Ed Miliband vows 'no lurch left'
Ed Miliband on Sunday declared the New Labour era over, but insisted the party would not embark on a "lurch to the left" under his leadership.
Mr Miliband was cheered on to the stage as he made his first appearance at Labour's annual conference in Manchester since defeating brother David by the narrowest of margins on Saturday in the race to succeed Gordon Brown.
In his first interview as leader, he sought to quash Conservative claims that he was the creature of the unions, whose votes were crucial in propelling him to victory, insisting: "I am my own man."
He dismissed the "red Ed" tag applied to him by critics as "tiresome rubbish", and reached out to former rivals for the top job by saying he wanted to use "all the talents from across our party" in forming his shadow cabinet.
But he gave no clues over whether he would offer the key role of shadow chancellor to David or to former Treasury minister Ed Balls, who came third behind the brothers.
Speaking on BBC1's Andrew Marr Show, Mr Miliband said David - who kept a low profile on Sunday - had shown "extraordinary generosity and graciousness" towards him after the result was announced. But asked what future role he envisaged for his brother, he replied only: "He needs time to think about the contribution he can make. I think he can make a very big contribution to British politics."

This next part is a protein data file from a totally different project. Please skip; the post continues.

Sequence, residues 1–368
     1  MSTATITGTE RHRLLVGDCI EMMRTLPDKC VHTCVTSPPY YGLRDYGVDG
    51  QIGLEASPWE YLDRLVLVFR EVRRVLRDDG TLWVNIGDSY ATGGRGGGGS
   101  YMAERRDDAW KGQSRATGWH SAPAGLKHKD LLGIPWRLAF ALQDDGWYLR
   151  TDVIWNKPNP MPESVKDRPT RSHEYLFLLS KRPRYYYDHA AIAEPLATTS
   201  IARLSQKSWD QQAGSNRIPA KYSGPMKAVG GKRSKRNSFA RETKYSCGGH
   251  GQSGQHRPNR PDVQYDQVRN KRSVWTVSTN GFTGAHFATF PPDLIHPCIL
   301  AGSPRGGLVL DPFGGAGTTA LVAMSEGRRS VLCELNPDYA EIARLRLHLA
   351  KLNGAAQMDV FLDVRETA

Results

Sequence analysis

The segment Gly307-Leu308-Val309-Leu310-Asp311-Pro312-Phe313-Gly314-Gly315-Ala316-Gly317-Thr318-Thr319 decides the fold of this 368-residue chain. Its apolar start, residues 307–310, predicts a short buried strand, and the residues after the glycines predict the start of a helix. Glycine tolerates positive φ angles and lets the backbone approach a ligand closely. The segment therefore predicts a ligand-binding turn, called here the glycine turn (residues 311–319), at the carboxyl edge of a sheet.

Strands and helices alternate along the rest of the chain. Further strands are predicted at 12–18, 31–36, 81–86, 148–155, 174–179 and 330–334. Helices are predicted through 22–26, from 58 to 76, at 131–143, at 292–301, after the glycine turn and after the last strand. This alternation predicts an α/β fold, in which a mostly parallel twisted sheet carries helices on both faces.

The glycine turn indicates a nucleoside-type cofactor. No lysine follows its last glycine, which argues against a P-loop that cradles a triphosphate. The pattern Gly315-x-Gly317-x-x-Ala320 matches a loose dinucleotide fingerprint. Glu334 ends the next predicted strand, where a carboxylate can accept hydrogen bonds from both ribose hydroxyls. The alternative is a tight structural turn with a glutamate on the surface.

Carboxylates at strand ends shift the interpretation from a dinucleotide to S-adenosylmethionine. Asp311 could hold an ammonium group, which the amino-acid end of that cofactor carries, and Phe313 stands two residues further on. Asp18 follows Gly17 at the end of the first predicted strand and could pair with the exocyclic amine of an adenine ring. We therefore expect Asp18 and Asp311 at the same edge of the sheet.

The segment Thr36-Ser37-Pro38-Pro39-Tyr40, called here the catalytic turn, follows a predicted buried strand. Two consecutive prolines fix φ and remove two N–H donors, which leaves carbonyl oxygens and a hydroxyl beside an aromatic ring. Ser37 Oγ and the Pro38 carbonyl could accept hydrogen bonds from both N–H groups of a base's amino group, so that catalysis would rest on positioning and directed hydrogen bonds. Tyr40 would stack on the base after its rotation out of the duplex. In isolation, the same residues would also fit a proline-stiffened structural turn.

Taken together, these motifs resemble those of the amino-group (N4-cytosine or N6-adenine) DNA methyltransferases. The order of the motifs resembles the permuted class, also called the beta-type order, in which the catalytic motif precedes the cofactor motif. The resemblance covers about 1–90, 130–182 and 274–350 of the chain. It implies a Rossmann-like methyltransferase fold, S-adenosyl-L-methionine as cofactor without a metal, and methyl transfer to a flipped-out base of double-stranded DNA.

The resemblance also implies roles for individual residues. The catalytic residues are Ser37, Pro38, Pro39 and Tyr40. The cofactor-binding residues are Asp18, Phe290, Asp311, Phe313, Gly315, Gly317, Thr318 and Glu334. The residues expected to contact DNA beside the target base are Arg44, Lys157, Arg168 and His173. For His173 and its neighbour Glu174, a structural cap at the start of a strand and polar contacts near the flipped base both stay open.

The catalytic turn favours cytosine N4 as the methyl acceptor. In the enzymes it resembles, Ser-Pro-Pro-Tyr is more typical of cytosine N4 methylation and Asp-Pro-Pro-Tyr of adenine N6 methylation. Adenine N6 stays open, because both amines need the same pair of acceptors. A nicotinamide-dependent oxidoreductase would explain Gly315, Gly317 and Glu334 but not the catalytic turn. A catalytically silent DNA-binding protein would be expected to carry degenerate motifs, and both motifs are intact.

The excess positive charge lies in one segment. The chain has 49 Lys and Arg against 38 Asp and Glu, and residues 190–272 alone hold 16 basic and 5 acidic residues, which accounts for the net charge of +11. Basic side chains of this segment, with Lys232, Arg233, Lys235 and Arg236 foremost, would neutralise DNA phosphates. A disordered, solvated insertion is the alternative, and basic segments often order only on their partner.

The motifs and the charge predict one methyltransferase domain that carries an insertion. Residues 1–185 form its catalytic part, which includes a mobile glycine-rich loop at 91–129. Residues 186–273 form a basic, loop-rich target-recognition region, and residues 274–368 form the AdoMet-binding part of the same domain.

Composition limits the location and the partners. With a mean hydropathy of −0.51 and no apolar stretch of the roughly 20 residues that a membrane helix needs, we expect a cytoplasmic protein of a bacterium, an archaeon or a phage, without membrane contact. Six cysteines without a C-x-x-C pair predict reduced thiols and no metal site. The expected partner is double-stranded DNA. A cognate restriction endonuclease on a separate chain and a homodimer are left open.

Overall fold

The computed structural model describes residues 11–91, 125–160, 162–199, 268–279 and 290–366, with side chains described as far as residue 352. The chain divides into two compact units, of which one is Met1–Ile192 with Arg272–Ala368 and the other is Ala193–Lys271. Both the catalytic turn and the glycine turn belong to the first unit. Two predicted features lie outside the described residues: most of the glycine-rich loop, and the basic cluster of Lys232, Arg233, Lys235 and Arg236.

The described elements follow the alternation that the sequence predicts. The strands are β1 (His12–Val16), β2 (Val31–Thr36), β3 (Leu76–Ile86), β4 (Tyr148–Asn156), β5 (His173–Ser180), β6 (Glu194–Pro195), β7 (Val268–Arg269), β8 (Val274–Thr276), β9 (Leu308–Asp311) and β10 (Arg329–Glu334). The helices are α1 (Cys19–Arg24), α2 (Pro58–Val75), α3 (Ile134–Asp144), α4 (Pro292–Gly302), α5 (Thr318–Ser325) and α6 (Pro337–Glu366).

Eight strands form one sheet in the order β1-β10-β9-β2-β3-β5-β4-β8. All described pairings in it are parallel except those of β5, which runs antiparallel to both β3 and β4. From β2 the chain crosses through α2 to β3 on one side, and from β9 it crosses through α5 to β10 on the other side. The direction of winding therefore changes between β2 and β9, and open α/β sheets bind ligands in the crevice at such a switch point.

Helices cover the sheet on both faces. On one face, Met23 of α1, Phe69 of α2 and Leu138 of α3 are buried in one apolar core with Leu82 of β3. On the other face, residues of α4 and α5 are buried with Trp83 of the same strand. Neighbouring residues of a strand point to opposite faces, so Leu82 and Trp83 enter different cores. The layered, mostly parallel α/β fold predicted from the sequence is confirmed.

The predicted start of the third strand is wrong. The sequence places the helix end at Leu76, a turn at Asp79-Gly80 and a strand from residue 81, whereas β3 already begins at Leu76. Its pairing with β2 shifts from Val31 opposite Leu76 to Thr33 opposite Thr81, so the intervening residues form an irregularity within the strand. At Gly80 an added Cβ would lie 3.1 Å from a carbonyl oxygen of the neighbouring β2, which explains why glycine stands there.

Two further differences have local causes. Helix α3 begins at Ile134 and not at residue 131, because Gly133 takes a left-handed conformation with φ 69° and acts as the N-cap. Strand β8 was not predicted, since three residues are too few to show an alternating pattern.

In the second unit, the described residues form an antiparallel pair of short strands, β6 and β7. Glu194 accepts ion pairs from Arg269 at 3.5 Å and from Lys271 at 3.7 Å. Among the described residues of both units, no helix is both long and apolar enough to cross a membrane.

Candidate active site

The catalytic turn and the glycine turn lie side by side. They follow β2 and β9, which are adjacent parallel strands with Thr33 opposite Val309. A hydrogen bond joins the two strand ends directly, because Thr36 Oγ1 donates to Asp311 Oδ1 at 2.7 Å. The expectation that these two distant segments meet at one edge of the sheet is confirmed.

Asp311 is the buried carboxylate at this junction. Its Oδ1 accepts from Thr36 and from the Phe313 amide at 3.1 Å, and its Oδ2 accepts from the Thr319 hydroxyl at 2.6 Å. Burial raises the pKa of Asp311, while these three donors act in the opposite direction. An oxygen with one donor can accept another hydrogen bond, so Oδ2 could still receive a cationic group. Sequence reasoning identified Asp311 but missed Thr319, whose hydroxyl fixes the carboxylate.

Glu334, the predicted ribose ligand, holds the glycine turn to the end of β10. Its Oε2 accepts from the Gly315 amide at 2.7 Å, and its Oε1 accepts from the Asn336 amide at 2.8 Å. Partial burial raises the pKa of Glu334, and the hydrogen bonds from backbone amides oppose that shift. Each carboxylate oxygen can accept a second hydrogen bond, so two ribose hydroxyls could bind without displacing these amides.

Mr Miliband denied his election represented a "lurch to the left", saying: "I am for the centre-ground of politics, but it is about defining where the centre ground is."
But he insisted he would not be tied to the orthodoxies of the Blair/Brown period, declaring: "The era of New Labour has passed. A new generation has taken over."
Labour had to show "humility" in recognising and understanding why it had been rejected by voters in the general election and being ready to change, he said.
The new leader also played down union bosses' post-result claims that their man had been elected. "I am nobody's man, I am my own man. I am very clear about that," he said.